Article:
In March, President Joe Biden signed the American Rescue Plan Act of 2021 into law, which means some big changes for military-connected students. The biggest change was the closure of the “90/10 loophole.” This fixed a legislative mistake that had incentivized for-profit schools to target military-connected students for their Department of Defense (DoD) and Department of Veterans Affairs (VA) education benefits. Congress also made the discharge of federal student loans no longer count as income for tax purposes and cut down on transcript withholding. In addition, before he left office in January, President Donald Trump signed the unanimously passed H.R. 7105, which contained many major changes for military-connected students using the G.I. Bill.
Understanding These Changes
New protections from deceptive college recruiters: Starting in two years, you should begin to see less aggressive and deceptive college enrollment practices by for-profit colleges. Closing the 90/10 loophole was a longtime priority of veterans and military service organizations. The rule originally was intended to make sure that for-profit colleges got at least 10% of their revenue from sources other than federal education funds, but an inadvertent loophole was created when the definitions failed to include student aid from the DoD and VA. This led schools to see military-connected students as nothing more than “dollar signs in uniforms.” The bipartisan agreement that closed the loophole delays implementation of the law until on or after January 2023, meaning no penalties for schools before 2024. This means that by 2023, schools will have to provide a real return on investment, not only for service members, veterans, their families and survivors, but also to the American taxpayer. My organization, Veterans Education Success, hopes that this will result in fewer veterans coming to us with stories of broken dreams, drained GI Bill benefits and massive student loans.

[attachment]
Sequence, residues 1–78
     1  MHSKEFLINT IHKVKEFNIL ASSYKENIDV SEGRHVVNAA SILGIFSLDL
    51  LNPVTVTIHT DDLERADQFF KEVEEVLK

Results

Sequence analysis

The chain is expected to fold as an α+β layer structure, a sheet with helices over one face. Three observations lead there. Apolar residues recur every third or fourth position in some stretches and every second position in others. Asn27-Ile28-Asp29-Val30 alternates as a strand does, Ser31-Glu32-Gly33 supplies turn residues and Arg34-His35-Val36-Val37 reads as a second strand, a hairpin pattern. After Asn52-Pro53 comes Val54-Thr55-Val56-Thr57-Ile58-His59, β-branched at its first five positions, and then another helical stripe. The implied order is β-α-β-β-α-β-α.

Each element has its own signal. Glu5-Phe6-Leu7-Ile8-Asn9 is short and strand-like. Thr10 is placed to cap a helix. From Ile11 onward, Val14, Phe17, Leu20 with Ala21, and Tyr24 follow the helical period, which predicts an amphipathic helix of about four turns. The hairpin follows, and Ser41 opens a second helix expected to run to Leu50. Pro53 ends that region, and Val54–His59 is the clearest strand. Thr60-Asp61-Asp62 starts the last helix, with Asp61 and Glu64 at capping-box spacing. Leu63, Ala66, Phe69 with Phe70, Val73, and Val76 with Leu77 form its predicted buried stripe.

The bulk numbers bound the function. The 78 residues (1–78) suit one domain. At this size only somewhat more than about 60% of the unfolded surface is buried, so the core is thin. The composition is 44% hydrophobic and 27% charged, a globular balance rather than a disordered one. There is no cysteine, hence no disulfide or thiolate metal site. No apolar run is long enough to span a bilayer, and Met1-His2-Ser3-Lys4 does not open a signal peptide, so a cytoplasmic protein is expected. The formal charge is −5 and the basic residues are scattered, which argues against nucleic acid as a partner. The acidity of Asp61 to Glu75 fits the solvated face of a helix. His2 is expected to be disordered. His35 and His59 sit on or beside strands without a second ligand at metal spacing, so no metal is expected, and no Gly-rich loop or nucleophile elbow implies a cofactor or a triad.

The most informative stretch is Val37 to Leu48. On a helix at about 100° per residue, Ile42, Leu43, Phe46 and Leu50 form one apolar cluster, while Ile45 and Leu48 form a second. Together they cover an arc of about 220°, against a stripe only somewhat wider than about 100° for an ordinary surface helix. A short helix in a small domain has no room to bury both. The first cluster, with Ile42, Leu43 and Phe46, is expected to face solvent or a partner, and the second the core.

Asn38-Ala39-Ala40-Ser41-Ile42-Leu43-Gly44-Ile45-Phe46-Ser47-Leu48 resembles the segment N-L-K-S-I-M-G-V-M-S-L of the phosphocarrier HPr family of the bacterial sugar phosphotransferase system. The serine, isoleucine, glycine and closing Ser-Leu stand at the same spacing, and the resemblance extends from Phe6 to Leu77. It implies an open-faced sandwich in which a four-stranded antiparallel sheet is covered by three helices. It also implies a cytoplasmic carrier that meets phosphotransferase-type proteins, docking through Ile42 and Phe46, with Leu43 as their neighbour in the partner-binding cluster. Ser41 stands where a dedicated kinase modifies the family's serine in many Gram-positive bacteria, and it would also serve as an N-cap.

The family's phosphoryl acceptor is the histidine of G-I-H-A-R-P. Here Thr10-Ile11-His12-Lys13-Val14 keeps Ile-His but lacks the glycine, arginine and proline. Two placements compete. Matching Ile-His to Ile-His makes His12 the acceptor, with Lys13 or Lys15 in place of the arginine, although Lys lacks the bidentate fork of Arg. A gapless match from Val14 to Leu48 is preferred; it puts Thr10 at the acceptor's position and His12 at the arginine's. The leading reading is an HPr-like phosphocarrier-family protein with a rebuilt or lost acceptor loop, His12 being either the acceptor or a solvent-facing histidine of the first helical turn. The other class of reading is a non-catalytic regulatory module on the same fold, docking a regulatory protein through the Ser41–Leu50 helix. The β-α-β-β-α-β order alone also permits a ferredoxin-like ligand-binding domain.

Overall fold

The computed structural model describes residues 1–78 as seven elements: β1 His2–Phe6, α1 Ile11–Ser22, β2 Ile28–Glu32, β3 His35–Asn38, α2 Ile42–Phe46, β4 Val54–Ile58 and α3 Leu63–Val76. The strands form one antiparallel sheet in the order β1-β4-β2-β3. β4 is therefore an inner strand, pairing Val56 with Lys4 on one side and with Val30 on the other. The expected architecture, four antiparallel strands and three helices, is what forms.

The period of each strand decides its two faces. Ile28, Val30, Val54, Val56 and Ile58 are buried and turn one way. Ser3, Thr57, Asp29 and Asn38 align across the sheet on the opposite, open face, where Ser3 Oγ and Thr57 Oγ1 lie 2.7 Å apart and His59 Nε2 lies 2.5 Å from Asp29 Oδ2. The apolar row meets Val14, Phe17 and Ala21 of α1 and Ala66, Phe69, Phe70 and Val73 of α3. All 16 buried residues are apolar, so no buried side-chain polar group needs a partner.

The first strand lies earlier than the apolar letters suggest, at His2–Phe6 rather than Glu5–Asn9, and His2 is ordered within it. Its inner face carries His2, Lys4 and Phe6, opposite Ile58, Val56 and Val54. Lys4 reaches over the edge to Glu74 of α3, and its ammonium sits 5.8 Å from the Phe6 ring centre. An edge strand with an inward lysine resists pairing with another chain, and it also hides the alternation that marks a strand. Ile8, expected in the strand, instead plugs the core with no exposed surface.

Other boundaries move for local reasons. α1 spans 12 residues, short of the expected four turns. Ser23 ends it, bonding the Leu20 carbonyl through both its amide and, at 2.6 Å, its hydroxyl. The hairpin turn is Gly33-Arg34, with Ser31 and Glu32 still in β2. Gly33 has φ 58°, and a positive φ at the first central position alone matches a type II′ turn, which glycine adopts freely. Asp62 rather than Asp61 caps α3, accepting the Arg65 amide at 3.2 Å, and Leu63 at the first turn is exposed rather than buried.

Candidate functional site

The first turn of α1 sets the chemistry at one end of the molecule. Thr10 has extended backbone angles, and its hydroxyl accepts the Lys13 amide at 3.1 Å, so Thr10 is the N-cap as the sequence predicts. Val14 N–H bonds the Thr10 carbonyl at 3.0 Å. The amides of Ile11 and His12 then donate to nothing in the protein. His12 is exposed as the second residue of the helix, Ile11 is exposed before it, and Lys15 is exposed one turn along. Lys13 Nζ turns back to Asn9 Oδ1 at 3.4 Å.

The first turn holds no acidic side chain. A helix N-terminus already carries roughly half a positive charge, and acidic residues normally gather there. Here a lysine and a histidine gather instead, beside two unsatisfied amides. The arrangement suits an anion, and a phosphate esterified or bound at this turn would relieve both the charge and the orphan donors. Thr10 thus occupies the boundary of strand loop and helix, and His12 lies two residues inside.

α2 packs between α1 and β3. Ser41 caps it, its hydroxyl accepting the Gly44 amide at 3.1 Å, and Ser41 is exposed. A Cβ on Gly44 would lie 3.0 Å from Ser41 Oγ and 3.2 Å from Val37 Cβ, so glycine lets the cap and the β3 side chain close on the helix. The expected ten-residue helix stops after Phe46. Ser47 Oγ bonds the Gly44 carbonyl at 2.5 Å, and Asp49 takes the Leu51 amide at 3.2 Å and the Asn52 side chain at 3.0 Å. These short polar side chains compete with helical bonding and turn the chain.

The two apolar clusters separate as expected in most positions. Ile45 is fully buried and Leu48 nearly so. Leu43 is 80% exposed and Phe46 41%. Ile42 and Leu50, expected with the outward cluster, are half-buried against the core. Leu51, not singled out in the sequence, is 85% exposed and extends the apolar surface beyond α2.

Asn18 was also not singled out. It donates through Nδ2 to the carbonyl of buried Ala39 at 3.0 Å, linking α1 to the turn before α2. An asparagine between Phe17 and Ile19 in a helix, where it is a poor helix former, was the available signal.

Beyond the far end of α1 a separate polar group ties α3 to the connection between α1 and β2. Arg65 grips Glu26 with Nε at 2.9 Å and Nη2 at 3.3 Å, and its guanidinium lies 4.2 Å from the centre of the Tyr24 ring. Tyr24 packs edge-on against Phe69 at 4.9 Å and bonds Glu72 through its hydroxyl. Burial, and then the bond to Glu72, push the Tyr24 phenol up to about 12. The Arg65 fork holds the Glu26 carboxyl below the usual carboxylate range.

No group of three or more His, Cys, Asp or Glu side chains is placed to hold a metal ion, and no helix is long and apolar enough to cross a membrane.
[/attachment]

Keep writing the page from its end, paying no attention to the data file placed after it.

A tax break on your forgiven loans: Making the discharge of federal student loan debt non-taxable is another big win for military-connected students. Many veterans wind up with student loans from dishonest schools. My organization has helped thousands of them, many jaded by the false promises of lucrative jobs that recruiters use to lure them in, only to leave them with drained GI Bill benefits and student loans due to the bloated cost of attendance at many of the worst, most predatory schools. We help them apply for Borrower Defense to Repayment, a program run by the Education Department that discharges federal student loans (although not Federal Family Education Loans) of anyone who attended a school that defrauds them. This tax law improvement will help service members and veterans eligible for this program. Now they won’t be hit by an unexpected tax bill from the IRS if their loans are discharged.